Fruits of two species L. aegyptiaca (long club-shaped) and L. acutangula (long ridged, ribbed, or angled) are cultivated and eaten as a vegetable. The fruit must be harvested at a young stage of development to be edible. When the fruit is fully ripened, it is very fibrous. In that stage the fruit is the source of the loofah scubbing sponge used in bathrooms and kitchens.
|Harvest / edible gourds|
|Harvest / fully mature|
Botanical description and occurrence:
Luffa gourds are native to the warmer regions of the world, like southern Asia where they originated, and grown as annuals in the cooler zones. Luffa is a genus of the Cucurbitaceae family and includes many cultivated and wild varieties. The normal height of the plant is 1.5 to 2.0 meters. Part of plants are poison if ingested. Bloom color is bright yellow and bloom time is mid summer. Foliage is smooth textured, veined, leathery textured. The vines can grow 10 m. Propagation methods are from seeds, sow indoors before last frost or direct sow after last frost. Luffa requires 150 – 200 warm days to mature. It does not cross-pollinate outside.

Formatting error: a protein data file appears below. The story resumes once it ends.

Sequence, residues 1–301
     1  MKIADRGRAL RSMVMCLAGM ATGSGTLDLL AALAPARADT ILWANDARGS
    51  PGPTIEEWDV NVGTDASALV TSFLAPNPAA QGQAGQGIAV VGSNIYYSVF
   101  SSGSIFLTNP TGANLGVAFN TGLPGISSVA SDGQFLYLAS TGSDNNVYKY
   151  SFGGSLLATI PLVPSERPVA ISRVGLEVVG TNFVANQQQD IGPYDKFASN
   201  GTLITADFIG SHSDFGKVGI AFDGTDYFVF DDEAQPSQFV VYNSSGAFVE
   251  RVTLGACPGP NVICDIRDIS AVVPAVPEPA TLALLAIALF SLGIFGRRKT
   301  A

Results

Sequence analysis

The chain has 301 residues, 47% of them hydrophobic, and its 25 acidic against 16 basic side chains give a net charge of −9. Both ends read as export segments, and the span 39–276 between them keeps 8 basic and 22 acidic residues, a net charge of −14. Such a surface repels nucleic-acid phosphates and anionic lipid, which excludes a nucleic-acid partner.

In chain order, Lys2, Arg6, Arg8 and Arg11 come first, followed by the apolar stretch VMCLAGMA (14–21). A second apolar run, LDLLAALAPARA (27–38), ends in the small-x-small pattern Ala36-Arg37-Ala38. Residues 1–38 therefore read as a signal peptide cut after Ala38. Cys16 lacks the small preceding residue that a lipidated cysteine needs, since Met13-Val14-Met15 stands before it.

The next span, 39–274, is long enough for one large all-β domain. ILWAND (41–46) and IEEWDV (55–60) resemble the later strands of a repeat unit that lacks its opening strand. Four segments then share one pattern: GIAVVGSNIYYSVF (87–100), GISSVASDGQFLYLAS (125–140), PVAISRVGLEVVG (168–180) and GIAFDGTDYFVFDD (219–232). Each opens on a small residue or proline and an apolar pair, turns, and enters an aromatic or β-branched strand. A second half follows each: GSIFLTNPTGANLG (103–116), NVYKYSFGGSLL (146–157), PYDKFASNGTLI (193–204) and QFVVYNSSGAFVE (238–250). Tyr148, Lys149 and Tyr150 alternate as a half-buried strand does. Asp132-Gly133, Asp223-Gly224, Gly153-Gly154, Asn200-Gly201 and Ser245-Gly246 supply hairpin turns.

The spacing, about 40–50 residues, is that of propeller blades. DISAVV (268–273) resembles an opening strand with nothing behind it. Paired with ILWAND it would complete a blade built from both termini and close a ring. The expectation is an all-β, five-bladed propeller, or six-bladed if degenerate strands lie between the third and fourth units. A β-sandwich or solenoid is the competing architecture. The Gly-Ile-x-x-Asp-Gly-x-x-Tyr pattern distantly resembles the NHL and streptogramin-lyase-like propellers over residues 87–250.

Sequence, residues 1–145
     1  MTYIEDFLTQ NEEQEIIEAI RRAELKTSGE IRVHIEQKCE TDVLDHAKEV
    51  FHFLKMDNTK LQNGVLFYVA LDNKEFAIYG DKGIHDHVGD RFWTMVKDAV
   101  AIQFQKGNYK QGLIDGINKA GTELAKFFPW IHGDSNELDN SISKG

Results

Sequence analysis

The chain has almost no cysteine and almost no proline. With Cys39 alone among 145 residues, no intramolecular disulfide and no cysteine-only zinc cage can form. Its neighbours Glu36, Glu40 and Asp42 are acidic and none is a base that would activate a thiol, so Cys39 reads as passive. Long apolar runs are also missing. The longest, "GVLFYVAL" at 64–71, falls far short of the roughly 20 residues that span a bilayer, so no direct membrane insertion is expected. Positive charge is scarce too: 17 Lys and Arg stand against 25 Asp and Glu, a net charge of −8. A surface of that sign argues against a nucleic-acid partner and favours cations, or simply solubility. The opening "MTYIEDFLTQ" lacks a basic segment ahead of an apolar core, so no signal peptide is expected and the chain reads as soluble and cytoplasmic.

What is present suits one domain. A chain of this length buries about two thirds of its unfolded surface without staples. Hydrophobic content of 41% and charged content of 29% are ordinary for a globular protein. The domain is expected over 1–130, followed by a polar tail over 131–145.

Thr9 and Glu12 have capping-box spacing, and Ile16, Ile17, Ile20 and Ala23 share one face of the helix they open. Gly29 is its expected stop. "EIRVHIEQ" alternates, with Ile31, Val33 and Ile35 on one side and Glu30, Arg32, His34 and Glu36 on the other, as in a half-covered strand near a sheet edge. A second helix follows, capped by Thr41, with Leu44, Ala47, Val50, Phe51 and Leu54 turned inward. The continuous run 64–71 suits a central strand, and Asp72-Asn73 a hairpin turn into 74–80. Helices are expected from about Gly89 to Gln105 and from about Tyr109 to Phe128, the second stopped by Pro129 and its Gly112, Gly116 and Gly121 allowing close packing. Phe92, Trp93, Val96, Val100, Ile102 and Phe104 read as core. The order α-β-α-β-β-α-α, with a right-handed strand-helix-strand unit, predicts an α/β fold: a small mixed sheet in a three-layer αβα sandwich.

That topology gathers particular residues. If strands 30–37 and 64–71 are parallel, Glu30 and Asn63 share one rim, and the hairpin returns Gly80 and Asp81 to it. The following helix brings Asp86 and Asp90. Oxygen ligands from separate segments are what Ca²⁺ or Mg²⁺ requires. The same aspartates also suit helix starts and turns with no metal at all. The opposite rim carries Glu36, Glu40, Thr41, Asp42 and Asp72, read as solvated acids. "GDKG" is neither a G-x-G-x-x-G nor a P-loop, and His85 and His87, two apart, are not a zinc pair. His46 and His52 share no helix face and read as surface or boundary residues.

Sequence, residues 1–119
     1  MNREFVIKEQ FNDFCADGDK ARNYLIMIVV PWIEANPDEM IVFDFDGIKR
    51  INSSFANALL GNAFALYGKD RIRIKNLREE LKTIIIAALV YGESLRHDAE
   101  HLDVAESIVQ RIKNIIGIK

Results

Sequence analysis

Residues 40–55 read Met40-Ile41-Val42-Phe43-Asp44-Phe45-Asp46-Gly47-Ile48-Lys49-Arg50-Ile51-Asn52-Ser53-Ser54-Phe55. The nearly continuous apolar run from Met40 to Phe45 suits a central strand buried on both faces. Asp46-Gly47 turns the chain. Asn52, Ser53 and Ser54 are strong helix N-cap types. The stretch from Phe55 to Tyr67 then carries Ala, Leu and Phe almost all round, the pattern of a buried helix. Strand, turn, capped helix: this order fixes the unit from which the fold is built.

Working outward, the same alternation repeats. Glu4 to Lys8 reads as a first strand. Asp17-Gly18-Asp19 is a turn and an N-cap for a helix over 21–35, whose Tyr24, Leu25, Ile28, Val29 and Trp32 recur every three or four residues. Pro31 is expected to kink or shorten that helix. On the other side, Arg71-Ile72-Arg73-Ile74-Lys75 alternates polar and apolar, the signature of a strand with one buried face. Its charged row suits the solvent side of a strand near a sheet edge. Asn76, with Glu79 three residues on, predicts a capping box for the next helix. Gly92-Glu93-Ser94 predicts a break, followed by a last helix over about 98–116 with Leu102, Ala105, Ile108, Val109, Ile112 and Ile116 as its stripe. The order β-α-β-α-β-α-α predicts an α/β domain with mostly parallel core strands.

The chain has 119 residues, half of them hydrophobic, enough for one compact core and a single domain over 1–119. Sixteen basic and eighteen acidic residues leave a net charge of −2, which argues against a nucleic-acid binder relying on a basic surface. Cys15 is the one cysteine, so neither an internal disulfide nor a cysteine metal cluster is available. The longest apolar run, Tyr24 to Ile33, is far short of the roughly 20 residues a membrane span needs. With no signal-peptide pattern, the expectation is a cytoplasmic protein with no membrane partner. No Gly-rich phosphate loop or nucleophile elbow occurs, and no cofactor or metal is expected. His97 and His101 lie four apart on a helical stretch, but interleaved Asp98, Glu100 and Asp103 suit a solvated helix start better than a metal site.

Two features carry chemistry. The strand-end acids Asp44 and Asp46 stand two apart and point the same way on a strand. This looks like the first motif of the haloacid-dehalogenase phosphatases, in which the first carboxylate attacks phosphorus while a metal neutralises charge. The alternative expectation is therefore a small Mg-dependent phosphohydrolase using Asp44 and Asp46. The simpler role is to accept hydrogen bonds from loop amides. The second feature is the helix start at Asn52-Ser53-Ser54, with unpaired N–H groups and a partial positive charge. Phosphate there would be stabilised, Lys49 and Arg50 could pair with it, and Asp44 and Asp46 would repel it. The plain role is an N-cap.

Why to have the plant in your garden:
The immature is a healthy vegetable prepared like squash. When fully grown and mature, can be put to work scrubbing and cleaning, insulating and sound-proofing your tool shed, filtering and straining, and to create useful handcrafted items.
prof. Ing. Magdaléna Valšíková, PhD., Slovak University of Agriculture in Nitra, SR
Dr. Ivana Mezeyova, Dr. Ján Mezey, Slovak University of Agriculture in Nitra, SR
Links to scientific articles (if it is possible):
Natalia Filipowicz, Hanno Schaefer, and Susanne S. Renner. 2014. Revisiting Luffa (Cucurbitaceae) 25 Years After C. Heiser: Species Boundaries and Application of Names Tested with Plastid and Nuclear DNA Sequences. Systematic Botany, 39 (1): 205-215.